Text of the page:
Teach Any Computer Science Class
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It’s exam time! You’ve completed your curriculum for OCR GCSE computing and now it’s time to revise and have your knowledge assessed. It may seem like you’re about to enter a time of stress, but provided you plan well, exercise responsibility and discipline with your revision, it can be a productive and positive time in your life! Continue reading and you’ll find out important things about how to succeed with your OCR GCSE computing assessment, how best to prepare for it, and how we can help you.
While there are a number of GCSE examination boards, they’re quite standardised for fairness. Having said that, there are some slight variations, particularly in the style of questioning. Knowing these variations can help you by focusing your attention on areas of strength and areas that need improving. As an example, the OCRs are more context- and practical-based than the AQAs, which are more theory-based.
A quick look into the OCR exam board is that from around 1993, a series of mergers, abolitions, and handovers culminated with the Oxford, Cambridge and RSA Examinations (OCR) emerging in 1998. It’s now a major exam board and is owned and run by the University of Cambridge. Your OCR GCSE exams will consist of between five and 12 subjects that you’ve covered over a two-year period with mathematics, science, English language and literature being compulsory. You’re required to pass a minimum of five subjects with a C-grade or higher in order to proceed to your IB Diploma or A-levels.
Key components in OCR GCSE computing success are getting your planning and support right. Have a conversation with teachers, your parents or guardians, and peers about ways in which you can feel motivated, supported and able to manage your responsibilities healthily. Don’t forget to strike the balance in each day either by including healthy eating, exercise, downtime, social interaction and stress management.
Organisation and planning are critical components to succeeding with your OCR GCSE computing assessment. Plan a revision schedule that covers your required sections and provides you with enough time to dedicate to each component. It’s considered wise to review all your material from start to finish at least four times before you sit your exam. And this is where discipline comes in – a schedule isn’t helpful at all if you don’t stick to it and still end up cramming or skipping information.
To avoid feeling overwhelmed or stressed out by the amount of coursework to revise, limit your study time to three or four hours daily with a little bit more on the weekends. Make provision for non-study related activities too as it’s important to keep a healthy balance.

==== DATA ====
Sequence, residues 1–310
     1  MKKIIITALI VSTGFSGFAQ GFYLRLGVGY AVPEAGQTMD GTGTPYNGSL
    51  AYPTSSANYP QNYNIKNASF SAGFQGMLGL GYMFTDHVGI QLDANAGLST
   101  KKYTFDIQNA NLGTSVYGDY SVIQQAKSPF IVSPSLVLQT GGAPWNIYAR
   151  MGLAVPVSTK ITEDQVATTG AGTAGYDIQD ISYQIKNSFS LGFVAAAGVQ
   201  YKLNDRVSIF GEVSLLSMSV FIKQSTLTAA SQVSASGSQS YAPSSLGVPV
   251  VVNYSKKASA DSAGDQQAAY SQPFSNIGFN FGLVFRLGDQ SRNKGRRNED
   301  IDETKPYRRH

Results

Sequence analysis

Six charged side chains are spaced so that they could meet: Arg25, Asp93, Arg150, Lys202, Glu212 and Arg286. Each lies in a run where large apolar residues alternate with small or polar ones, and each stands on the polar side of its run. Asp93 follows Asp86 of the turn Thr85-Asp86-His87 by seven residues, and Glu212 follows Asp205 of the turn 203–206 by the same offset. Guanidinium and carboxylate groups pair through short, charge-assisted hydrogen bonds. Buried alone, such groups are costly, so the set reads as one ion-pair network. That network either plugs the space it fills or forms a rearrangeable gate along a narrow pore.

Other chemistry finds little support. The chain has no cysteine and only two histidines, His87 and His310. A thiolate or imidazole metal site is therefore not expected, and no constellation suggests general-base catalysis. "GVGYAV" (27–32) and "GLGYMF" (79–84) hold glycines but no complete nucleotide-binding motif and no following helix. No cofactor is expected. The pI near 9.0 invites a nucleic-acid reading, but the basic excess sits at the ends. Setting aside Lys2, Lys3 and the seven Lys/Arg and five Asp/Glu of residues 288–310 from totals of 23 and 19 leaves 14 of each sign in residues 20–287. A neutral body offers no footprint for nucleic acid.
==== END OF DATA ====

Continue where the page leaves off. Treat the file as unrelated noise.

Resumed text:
Armed with your study plan and blocks of time to revise, the next trick is to limit your study sessions to 40 minutes to 1 hour. Concentration is like a muscle that needs to be exercised, but it maxes out after an hour. Take a break of five to 10 minutes during which time you stretch your legs for blood flow, hydrate and have a light snack. Steer clear of sugary or caffeinated drinks as these can interfere with focus.
While we’re on the topic of concentration, it can take up to 20 minutes to focus so it’s important not to sabotage your study efforts with distractions like the Internet, social media, mobile devices or TV. Use them as rewards for achieving your study goals if you feel they’re good motivators, though. Make sure you choose an environment that’s geared towards revision – somewhere that’s quiet, has few distractions and is both well-lit and well-ventilated. Enhance your environment by writing positive affirmations for yourself. Keep them realistic but positive, like ‘I can get good grades if I apply myself’.
To ensure you get the most productivity out of your study time, try out a few different study techniques to see which works best for you. While you may think you’re learning just by reading, it’s passive. It’s important to include activities such as note-making, flash cards, or mind mapping in your study routine as it keeps your brain engaged. When you start daydreaming, it’s time for a break or to change tactics.
As you proceed with your revision, bring past papers into your preparation. These will help you assess where there are gaps in your knowledge, the number, kinds and styles of questions asked, as well as train you with time management.
We at GCSE Computing are rooting for your success and we’ve got loads of materials such as quizzes, mind maps and past papers to help you achieve. Let’s get started!